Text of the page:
Is it fair to ask them to apologize for believing his moving of the U.S. embassy to Jerusalem, recognition of Israeli sovereignty in the Golan Heights, holding the Palestinian Authority accountable for subsidizing terrorism, withdrawal from the Iran nuclear deal and the Abraham Accords normalization agreements for Israel was worth it?
To Trump's detractors,the answer is yes. But to those who believe the Trump administration's achievements would not have happened under any other president, and that the whole point of politics is policy rather than promoting public virtue, the answer is still no.
Much like the rest of the GOP, pro-Israel Republicans don't think of themselves as having sold their souls for a few policy achievements. To the contrary, they point out that it was Trump who changed his positions, not them.
Trump entered politics as a conventional New York liberal with no history of stands on any issue other than trade. By the time he took office he had adopted the Republican agenda on social issues like abortion and the need for conservative judges, tax cuts and deregulation. That also meant positions on Middle East issues that aligned him with Likudniks and supporters of the settlement movement, like his lawyer David Friedman, who was subsequently appointed ambassador to Israel, not to mention his son-in-law, Jared Kushner.
Just as political conservatives can say the significance of, among other things, the 6-3 conservative majority on the U.S. Supreme Court achieved by his nominations outweighs other concerns, pro-Trump Jews are likely to say his stands on Israel would have been enough to justify their support.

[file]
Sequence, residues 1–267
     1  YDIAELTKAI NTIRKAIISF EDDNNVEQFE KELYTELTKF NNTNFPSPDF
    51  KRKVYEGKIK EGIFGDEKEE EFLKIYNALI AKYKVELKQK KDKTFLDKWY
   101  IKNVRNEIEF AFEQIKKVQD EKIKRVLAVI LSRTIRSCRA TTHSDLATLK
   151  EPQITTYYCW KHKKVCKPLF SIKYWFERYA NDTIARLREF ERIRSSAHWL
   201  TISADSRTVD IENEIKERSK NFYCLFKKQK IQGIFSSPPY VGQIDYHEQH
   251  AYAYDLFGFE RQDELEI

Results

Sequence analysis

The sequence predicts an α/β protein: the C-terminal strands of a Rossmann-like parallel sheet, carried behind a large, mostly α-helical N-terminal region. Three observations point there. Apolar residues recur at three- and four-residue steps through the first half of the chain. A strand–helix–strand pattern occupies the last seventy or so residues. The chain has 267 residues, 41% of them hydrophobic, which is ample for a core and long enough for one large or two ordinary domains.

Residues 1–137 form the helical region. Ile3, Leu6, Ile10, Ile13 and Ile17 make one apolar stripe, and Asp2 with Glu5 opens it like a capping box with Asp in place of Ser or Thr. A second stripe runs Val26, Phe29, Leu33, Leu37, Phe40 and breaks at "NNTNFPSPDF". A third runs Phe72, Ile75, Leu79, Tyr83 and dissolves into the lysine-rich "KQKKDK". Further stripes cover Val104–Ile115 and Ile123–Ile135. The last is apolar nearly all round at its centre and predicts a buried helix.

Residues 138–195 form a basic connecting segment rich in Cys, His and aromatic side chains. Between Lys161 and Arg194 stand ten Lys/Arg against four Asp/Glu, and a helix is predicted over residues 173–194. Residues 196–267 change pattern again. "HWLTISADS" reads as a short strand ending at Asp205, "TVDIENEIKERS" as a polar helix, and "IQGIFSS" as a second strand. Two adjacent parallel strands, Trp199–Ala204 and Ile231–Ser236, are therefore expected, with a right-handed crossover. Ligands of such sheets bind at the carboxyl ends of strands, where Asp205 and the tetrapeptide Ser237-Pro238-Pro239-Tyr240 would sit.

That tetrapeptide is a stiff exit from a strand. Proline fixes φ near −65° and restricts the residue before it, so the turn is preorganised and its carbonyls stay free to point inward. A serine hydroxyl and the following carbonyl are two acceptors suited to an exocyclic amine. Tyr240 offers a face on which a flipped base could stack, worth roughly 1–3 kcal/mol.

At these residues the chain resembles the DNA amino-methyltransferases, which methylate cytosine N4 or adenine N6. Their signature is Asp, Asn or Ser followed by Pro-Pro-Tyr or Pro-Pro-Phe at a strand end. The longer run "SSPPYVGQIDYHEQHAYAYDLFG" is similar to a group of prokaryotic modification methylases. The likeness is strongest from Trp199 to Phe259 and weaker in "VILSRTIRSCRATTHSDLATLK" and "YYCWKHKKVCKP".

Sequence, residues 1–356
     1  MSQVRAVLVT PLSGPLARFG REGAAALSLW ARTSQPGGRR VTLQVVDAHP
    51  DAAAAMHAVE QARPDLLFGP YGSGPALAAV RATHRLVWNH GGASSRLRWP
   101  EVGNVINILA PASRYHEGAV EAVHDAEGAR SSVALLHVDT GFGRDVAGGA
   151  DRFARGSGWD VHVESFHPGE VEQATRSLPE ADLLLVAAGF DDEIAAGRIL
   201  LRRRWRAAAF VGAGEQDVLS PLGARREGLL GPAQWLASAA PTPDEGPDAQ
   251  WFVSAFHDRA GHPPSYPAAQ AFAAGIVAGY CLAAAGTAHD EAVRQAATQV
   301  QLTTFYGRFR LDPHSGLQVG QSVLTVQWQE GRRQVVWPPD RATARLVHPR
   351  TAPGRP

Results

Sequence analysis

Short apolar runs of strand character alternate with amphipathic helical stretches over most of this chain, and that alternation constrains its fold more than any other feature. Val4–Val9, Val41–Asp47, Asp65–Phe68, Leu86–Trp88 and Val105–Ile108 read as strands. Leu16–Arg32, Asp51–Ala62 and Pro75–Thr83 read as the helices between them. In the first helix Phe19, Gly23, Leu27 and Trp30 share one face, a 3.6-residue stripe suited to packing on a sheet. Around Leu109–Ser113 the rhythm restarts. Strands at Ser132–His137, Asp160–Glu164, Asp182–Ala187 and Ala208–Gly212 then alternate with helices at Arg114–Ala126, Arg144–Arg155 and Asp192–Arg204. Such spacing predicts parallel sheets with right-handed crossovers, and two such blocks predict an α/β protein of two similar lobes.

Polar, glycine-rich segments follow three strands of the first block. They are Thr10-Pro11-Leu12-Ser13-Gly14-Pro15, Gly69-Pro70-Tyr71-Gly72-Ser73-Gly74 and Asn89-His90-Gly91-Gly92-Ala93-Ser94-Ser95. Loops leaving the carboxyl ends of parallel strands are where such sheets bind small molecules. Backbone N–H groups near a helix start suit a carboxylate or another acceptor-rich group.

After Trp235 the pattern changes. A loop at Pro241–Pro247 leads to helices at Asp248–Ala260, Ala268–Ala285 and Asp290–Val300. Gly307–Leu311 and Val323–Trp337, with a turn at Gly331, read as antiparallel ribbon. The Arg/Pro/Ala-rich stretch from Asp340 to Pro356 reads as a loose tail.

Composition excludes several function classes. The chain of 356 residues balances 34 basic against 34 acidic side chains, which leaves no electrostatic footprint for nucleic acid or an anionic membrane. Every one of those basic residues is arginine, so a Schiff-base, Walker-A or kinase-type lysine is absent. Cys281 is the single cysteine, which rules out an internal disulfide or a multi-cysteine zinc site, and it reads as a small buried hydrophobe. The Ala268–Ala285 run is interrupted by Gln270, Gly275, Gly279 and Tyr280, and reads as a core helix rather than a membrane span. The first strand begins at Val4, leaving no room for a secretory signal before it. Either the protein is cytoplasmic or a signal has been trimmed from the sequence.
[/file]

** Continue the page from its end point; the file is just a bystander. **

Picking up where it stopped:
That's largely true even if they are dismayed about the disgraceful conclusion to his presidency, which, as horrible as it was, was ultimately a feeble gesture rather than an actual coup.
Nor is it likely that the majority of Israelis whom, polls said, liked Trump, would choose to turn back the clock and accept four years of Hillary Clinton's likely continuation of Barack Obama's unpopular policies in exchange for what did happen.
His supporters are hardly alone in being willing to excuse the foibles or even worse from a political leader in exchange for policy positions that they think are not merely important but a matter of life and death. While Trump is clearly an extreme example, just as Democrats have put up with flawed leaders like Bill Clinton and now Joe Biden, so, too, will Republicans in the future, if it means keeping the other side out of power.
That kind of thinking about politics is a function of the way politics has largely replaced the role religion once played in the lives of Americans. So long as such debates are conducted in a manner in which both sides of the spectrum believe each other to be not merely wrong but evil, and lacking good intentions, a consensus on what constitutes disqualifying behavior will always be elusive.
Most of his Jewish voters will not mourn Trump's departure from the stage now, but they will also have no regrets for their role in electing someone who gave them more or less everything they wanted from a president in terms of policy. What's more, they will do so in the belief that those who disagree with them would have done, and will do, the same to advance their own agenda.